Face the Raven Review
Clint Hassell gives his verdict on the tenth episode of Series 9.
Having written for genre programs like Merlin, Primeval, and Being Human (the latter under fellow Who alumni Toby Whithouse), it is no surprise that Sarah Dollard turns in a capable script for “Face the Raven.” Originally titled, “Trap Street,” and featuring a plot unconnected to the greater Series 9 arc, Dollard’s script is incredibly layered, with the titular street literally or figuratively trapping Rigsy, the Doctor, and/or Clara no less than four times within the episode. While retitling the episode “Face the Raven” focuses the narrative on Clara’s resultant death, the recurring motif of a “trap street” is certainly effective.
Further, by putting an alien spin on the concept of a trap street, Dollard is able to examine the concept of a perception filter – – here dubbed a “misdirection circuit” – – a piece of Who canon only mentioned in passing since Series 5’s “The Eleventh Hour.” Instead of merely using the TARDIS’ scanners or the sonic sunglasses to locate the street, the episode takes the time to explore (pun intended) the how the Doctor, Clara, and Rigsy locate a rather unnoticeably unremarkable street, recalling a simple, yet stunningly effective scene between Ten, Martha, and Jack, in Series 3’s “The Sound of Drums.”
“The Woman Who Lived” is also referenced, as Ashildr mentions her “infinite lifespan [and] finite memory.” Dollard exploits Clara’s first encounter with the resurrected Ashildr to recap the basic aspects of Mayor Me’s backstory for the audience in an organic way. Further, Dollard utilizes Clara’s relative absence in “The Woman Who Lived” as a plot point, in “Face the Raven.” Having not seen how immortality has twisted Me’s sense of morality, Clara doesn’t question Ashildr’s motivations, leaving her susceptible to a trap meant for the Doctor. Better still, the dynamic is layered with the slow revelation that, by brashly refusing to accept Ashildr’s death, in “The Girl Who Died,” the Doctor’s defiant nature costs him his dearest friend. While it is common in television for characters to unreasonably keep information hidden from people with whom real-life logic would dictate it should be shared (see: Lost), it is rare that the act actually has ramifications. The Doctor not telling Clara why he continues to follow Ashildr is part of what gets Clara killed.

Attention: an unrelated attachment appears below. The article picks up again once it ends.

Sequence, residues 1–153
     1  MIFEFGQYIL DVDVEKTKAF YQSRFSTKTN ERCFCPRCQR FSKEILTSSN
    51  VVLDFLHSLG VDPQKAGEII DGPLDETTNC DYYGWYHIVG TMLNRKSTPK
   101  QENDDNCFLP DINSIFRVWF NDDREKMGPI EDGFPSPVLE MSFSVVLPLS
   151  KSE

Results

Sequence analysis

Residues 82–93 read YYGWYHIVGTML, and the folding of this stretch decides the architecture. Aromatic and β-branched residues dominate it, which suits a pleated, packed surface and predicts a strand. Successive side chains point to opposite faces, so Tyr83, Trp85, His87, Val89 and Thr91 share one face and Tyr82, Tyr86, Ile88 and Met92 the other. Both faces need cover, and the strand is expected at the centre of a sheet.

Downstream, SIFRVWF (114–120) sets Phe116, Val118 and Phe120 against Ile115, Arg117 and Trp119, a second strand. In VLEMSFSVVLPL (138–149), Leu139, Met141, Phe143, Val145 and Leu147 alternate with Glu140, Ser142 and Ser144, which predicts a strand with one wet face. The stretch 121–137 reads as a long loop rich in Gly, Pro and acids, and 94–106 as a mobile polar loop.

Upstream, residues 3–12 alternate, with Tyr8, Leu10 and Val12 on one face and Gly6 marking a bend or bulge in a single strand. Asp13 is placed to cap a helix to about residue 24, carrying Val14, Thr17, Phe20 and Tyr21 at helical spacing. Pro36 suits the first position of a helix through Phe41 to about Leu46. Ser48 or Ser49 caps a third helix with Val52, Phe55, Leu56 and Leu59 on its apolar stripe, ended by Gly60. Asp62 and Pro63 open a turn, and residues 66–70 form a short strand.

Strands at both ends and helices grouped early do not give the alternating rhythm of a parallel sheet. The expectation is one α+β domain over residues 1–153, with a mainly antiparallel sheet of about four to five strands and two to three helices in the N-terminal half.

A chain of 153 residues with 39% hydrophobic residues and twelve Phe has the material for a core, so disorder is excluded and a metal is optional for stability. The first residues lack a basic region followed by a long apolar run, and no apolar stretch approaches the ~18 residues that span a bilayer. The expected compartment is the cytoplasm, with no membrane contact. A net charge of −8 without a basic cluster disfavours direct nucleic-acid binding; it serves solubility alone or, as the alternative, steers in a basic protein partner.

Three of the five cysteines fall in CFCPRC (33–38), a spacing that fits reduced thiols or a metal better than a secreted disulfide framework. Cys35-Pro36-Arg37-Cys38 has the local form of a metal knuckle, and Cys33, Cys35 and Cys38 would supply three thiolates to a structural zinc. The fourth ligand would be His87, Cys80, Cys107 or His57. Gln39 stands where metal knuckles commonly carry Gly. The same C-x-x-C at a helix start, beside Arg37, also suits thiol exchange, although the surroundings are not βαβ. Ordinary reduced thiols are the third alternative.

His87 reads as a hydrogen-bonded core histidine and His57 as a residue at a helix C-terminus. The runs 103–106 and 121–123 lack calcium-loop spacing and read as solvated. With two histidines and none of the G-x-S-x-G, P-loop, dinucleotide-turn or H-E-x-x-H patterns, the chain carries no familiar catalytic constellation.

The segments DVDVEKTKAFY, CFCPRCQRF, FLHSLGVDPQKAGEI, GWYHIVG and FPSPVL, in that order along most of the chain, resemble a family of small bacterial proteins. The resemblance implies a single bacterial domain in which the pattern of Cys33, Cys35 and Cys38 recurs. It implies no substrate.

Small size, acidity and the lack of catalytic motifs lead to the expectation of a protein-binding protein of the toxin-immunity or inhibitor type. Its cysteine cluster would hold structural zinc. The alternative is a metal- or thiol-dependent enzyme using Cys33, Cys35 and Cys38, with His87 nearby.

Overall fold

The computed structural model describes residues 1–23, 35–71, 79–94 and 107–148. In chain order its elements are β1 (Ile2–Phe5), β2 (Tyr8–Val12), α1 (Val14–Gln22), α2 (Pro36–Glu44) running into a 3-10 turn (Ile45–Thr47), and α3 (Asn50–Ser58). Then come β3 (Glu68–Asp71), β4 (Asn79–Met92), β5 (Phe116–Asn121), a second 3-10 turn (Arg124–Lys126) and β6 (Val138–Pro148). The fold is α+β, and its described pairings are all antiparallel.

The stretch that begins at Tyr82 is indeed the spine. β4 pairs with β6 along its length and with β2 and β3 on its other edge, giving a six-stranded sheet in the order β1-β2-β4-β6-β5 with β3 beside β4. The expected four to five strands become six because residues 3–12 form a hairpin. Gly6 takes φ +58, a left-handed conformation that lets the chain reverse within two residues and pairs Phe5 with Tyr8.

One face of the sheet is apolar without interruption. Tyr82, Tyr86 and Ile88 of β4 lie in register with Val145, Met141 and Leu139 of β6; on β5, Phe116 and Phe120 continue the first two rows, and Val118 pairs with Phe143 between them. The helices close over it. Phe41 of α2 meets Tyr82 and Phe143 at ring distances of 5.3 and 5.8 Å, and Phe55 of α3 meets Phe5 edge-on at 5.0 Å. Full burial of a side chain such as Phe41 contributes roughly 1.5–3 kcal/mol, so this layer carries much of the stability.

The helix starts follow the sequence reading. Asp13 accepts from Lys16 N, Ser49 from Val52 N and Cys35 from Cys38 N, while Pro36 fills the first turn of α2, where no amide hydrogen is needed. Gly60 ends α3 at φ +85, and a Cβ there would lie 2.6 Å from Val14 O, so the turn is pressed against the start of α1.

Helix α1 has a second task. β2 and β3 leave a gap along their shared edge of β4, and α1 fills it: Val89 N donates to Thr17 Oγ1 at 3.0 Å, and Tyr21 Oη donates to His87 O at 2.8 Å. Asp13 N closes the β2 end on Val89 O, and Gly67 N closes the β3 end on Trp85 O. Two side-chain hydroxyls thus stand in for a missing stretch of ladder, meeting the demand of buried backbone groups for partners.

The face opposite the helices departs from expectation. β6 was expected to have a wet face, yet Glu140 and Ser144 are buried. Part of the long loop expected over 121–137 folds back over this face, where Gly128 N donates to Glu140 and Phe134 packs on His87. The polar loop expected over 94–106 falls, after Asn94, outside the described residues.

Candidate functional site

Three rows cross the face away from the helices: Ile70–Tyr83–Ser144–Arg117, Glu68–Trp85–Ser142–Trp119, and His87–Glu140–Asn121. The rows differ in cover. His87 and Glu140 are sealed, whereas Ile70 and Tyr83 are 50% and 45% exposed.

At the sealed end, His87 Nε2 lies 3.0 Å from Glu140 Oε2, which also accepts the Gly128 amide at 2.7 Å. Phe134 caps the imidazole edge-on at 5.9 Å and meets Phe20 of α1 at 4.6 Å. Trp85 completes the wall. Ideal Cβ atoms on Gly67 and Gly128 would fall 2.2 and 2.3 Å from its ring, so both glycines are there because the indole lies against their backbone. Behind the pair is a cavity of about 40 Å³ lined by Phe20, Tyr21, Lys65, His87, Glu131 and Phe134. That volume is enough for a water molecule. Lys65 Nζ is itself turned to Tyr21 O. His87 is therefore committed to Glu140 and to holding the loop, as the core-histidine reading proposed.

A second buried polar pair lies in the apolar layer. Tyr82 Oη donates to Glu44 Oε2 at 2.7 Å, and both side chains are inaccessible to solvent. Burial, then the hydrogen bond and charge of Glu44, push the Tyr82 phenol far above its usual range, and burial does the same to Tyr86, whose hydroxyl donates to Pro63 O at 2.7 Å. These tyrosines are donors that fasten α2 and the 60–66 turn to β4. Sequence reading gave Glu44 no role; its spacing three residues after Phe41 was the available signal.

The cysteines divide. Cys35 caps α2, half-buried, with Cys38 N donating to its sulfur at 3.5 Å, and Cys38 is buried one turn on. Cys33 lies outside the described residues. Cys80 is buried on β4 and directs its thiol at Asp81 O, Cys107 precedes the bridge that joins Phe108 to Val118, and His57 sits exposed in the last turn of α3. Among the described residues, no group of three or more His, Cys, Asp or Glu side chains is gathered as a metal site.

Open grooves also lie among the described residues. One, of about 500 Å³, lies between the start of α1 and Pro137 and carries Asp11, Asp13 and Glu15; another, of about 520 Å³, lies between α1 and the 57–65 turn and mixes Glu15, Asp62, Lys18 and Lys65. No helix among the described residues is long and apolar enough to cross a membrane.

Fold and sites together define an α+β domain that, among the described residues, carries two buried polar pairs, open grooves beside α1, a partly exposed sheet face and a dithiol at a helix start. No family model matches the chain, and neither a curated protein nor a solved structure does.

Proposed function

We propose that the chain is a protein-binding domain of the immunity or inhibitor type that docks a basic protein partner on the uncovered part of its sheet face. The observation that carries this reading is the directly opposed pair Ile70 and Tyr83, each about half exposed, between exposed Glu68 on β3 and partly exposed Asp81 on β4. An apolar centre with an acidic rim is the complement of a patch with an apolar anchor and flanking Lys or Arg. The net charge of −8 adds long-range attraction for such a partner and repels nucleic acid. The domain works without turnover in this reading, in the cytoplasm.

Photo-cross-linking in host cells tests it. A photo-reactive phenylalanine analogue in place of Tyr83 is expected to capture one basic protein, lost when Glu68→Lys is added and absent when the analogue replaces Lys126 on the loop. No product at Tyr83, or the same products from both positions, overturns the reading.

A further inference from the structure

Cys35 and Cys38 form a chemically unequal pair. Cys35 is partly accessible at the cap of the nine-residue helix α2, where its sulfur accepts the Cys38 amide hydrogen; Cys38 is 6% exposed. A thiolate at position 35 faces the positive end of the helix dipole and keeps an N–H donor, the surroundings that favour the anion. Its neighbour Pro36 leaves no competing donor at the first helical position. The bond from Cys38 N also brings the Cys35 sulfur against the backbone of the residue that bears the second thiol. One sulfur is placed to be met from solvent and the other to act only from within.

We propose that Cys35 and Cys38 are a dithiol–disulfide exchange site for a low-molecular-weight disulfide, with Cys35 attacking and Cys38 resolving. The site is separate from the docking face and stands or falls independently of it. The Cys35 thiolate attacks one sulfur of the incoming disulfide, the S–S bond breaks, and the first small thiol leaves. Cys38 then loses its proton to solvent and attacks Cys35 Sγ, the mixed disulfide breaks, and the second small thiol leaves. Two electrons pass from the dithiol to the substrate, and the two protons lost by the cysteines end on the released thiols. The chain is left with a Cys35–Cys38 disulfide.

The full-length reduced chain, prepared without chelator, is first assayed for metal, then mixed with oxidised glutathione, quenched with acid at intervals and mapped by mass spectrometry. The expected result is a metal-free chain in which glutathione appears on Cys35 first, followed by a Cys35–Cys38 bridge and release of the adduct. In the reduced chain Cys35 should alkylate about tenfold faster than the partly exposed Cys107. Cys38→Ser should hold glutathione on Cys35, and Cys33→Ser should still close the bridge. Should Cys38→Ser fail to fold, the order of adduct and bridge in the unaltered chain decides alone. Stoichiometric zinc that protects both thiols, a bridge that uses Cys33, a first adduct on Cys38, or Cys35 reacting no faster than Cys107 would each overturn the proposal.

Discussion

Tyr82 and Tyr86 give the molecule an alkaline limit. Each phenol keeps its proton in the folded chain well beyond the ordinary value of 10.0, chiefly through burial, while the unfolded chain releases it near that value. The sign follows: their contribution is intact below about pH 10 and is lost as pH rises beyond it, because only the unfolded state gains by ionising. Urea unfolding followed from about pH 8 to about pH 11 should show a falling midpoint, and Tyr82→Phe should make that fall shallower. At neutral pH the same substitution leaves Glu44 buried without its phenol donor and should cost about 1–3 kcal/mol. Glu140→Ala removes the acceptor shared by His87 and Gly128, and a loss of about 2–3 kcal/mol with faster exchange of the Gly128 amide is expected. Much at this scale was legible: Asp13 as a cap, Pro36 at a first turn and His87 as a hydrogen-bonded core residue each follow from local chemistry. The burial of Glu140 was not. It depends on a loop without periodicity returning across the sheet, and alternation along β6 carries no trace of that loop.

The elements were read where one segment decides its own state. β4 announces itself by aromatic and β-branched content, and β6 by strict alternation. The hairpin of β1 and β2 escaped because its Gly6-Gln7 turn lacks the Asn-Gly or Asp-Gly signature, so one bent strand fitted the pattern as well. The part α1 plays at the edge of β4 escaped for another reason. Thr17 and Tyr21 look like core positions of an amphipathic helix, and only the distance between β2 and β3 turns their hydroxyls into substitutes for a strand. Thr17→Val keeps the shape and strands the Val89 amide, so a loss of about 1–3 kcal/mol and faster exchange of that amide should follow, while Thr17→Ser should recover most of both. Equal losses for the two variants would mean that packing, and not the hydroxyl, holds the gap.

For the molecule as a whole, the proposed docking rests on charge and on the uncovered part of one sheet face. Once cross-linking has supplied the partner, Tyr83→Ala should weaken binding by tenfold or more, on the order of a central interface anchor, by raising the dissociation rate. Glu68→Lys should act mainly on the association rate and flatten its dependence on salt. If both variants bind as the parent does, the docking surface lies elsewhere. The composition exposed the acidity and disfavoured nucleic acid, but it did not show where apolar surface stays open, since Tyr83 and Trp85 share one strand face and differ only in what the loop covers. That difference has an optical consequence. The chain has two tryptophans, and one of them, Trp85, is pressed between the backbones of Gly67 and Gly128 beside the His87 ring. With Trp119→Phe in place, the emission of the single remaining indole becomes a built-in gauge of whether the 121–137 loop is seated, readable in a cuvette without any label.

Also impressive is that the episode takes the time to actually solve the mystery of Anah’s death, without entirely resorting to information specific only to this narrative. Like the Doctor, the audience had the chance to realize something was suspect about Rigsy’s amnesia and broken phone. Moreover, it is Clara who realizes that Anah’s “son” (named “Anahson” – – say it slowly until you get the pun) is uncharacteristically unfazed by the TARDIS trio, allowing her empathy with children to be demonstrated one final time.
Dollard certainly makes good use of Doctor Who’s extensive continuity, with Torchwood’s Retcon being pivotal to the plot, and various aliens including a Cyberman, the Judoon, an Ood, a Sontaran, and a Sycorax all making cameo appearances. Both the Zygons and Danny Pink warrant a mention, and the Doctor again uses Clara’s notecard prompts, last seen in “Under the Lake.” New twists on favorite plot elements also feature as evidence of the materializing TARDIS can be seen via its reflection on the window of Rigsy’s apartment; later, the Doctor threatens Mayor Me with basically the same threat he proffered to the Vashta Nerada, in “Forest of the Dead,” and the Atraxi, in “The Eleventh Hour.”
All this being said, it is clearly evident that – – as interviews with Sarah Dollard have indicated – – “Face the Raven” was written as a stand-alone adventure, before being modified to fit into Series 9’s story arc. This is most evident with the returning characters, who seem oddly unconnected to their previous portrayals. It is as if characters in Dollard’s original “Trap Street” script were overwritten with Rigsy and Ashildr, without much regard to their resulting personas. For example, the character of Rigsy has moved from Bristol to London, and suddenly has a girlfriend and a daughter. It is not until the post-credits scene, where he paints the abandoned TARDIS in memory of Clara, that Rigsy closely resembles his character from “Flatline.” In fairness, Rigsy is only a part of “Face the Raven” so that Clara has someone from whom she would believably accept the chronolock. Perhaps Mr. Maitland – – an established father, who is connected to Clara, but who has had relatively little character development – – would have been a better substitute?